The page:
Community solar power got left out in the cold by the the politicians in Sacramento.
A bill that would have given renters and others who don’t have a roof of their own a chance to get in on the money-saving solar action – as they can now in Colorado under similar legislation – died without a vote late last week when the California State Legislature adjourned for the year.
The program would have applied to customers of the state’s three big investor-owned utilities, and proponents blamed two of those utilities for fatally stalling the legislation in the Assembly Committee on Utilities and Commerce.
“Unfortunately, PG&E and Southern California Edison control the committee,” Senator Lois Wolk (D-Davis), the author of Senate Bill 843, said in a statement. “There was an agreement between the Assembly Speaker, the Committee Chair, and me that would have scaled the bill down to a pilot program under the Public Utilities Commission’s guidance and oversight. That agreement wasn’t honored and the bill died in committee, depriving the public of innovative energy policy in line with Governor Brown’s initiatives.”
The bill had a wide range of supporters, from the Ella Baker Center for Human Rights to the U.S. Navy. But, Wolk said, “Unfortunately, the coalition of support behind this measure was simply no match for the high paid lobbyists and the campaign contributions of these monopoly corporations.”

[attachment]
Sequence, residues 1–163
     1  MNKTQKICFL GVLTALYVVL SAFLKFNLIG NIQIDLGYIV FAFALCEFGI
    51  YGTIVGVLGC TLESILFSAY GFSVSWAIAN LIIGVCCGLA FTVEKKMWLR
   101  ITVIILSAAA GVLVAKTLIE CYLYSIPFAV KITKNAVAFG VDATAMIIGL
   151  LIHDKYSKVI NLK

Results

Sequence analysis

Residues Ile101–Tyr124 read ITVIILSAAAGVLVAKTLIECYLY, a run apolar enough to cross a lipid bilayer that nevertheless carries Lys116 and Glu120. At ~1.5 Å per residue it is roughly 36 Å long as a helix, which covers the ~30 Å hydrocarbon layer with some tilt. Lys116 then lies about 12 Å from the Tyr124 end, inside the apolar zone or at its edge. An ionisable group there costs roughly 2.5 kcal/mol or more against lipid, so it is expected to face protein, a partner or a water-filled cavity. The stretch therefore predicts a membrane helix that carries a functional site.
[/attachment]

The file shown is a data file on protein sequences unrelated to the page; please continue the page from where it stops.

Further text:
The California legislation would actually have applied to wind and other renewable energy sources, in addition to solar. But it was on solar where the biggest impact was expected by giving customers of Pacific Gas & Electric, Southern California Edison and San Diego Gas & Electric the opportunity to essentially buy solar power, as subscribers, from a shared project, and then get a credit on their electricity bill for the power produced.
PG&E said it opposed SB 843 because by allowing participating customers to reduce or even zero out their electricity bills, while not reducing the utility’s distribution and maintenance costs proportionately, the proposed program would “burden nonparticipating customers when they already face other challenges.”
This is the same argument that has been used against California’s net metering program that home and business owners can use to trim their power bills. The irony is that community solar would have extended access to solar power’s cost-saving benefits to communities that don’t now have the means, for a variety of reasons, to take advantage of net metering. That’s why the Ella Baker Center called it “a green choice for consumers, from low-income renters to underfunded public schools.”
The failure to pass community solar no doubt tarnishes California’s reputation as a leader in solar power, especially given how Colorado seems to be successfully moving forward on the same front.
There, the first, 4.5-megawatt round of solar gardens program was gobbled up by developers in a matter of minutes. The program allows for Xcel customers to subscribe to solar installations up to 500 kilowatts in size and receive credit on their electrical bill for the energy generated by the system.